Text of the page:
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I have an Objective-C application that is designed to run for an extended period of time using WebKit views. After time the application builds up a fair amount of memory so I would like to accurately reveal the memory usage to the end user upon request. In Activity Monitor on OS X I see two memory values for my application Real Memory and Private Memory. From what I have read Private is everything that the process has and Real is an estimate. What should I trust? Is there a specific formula I can use to calculate the exact usage rather than what OS X reports?

Not my area of expertise.

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1 Answer 1

If you are worried about memory leaks, you should be using the various tools provided by Apple to debug it.

Real memory is the actual physical memory in use by the process.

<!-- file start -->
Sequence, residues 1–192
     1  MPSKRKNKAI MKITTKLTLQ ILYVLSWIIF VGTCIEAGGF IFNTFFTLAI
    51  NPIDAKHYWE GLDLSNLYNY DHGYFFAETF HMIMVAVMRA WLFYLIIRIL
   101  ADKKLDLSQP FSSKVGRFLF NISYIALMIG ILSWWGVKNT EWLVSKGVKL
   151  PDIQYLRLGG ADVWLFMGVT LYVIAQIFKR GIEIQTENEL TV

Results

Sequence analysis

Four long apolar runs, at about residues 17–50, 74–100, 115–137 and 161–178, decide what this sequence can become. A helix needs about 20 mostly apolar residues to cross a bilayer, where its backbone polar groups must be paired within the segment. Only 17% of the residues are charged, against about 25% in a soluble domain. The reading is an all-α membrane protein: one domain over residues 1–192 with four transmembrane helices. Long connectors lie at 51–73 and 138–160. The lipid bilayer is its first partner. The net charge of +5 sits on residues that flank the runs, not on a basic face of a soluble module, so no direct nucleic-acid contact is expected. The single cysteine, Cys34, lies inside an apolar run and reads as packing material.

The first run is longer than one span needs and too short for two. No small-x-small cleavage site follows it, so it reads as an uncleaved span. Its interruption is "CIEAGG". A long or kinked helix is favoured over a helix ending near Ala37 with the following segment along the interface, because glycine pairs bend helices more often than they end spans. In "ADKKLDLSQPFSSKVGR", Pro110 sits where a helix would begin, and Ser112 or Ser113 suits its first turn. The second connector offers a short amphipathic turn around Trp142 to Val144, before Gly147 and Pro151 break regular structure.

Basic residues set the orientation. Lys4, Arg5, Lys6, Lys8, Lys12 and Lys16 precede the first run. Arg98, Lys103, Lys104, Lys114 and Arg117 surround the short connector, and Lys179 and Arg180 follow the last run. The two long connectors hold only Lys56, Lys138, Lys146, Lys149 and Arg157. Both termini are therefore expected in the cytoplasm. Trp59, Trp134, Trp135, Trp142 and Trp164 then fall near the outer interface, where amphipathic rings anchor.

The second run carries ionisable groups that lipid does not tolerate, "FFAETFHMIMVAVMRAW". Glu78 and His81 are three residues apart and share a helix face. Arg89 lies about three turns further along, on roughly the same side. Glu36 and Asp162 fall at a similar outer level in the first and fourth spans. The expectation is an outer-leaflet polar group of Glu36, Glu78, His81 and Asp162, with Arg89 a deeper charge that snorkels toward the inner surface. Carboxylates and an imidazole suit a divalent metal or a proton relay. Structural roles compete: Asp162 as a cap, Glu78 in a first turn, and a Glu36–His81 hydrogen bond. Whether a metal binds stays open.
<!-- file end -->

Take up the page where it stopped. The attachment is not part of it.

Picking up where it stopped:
Private memory is the physical memory that is used by just that process.

Virtual memory is the size of the entire virtual memory of the process including those pages that are not currently resident in physical RAM.

It's actually quite difficult to tell by looking at those numbers if you have a leak. For example, a block that is malloced and then leaked will never be referenced again, so it'll eventually get swapped out. It'll be part of the virtual memory but not part of the resident memory. So if you have a leak, the virtual memory will gradually increase over time.

On the other hand, virtual memory will increase if malloc can't find an unused block of memory to allocate, but it won't decrease when free gives memory back. So if you malloc a huge amount of RAM the VM will increase but even if you then free it correctly, it'll never decrease again. If you also have a leak, it will take a long time for malloc to run out of the recycled VM which means that you might not notice it.

So, use the purpose built leak detection tools.

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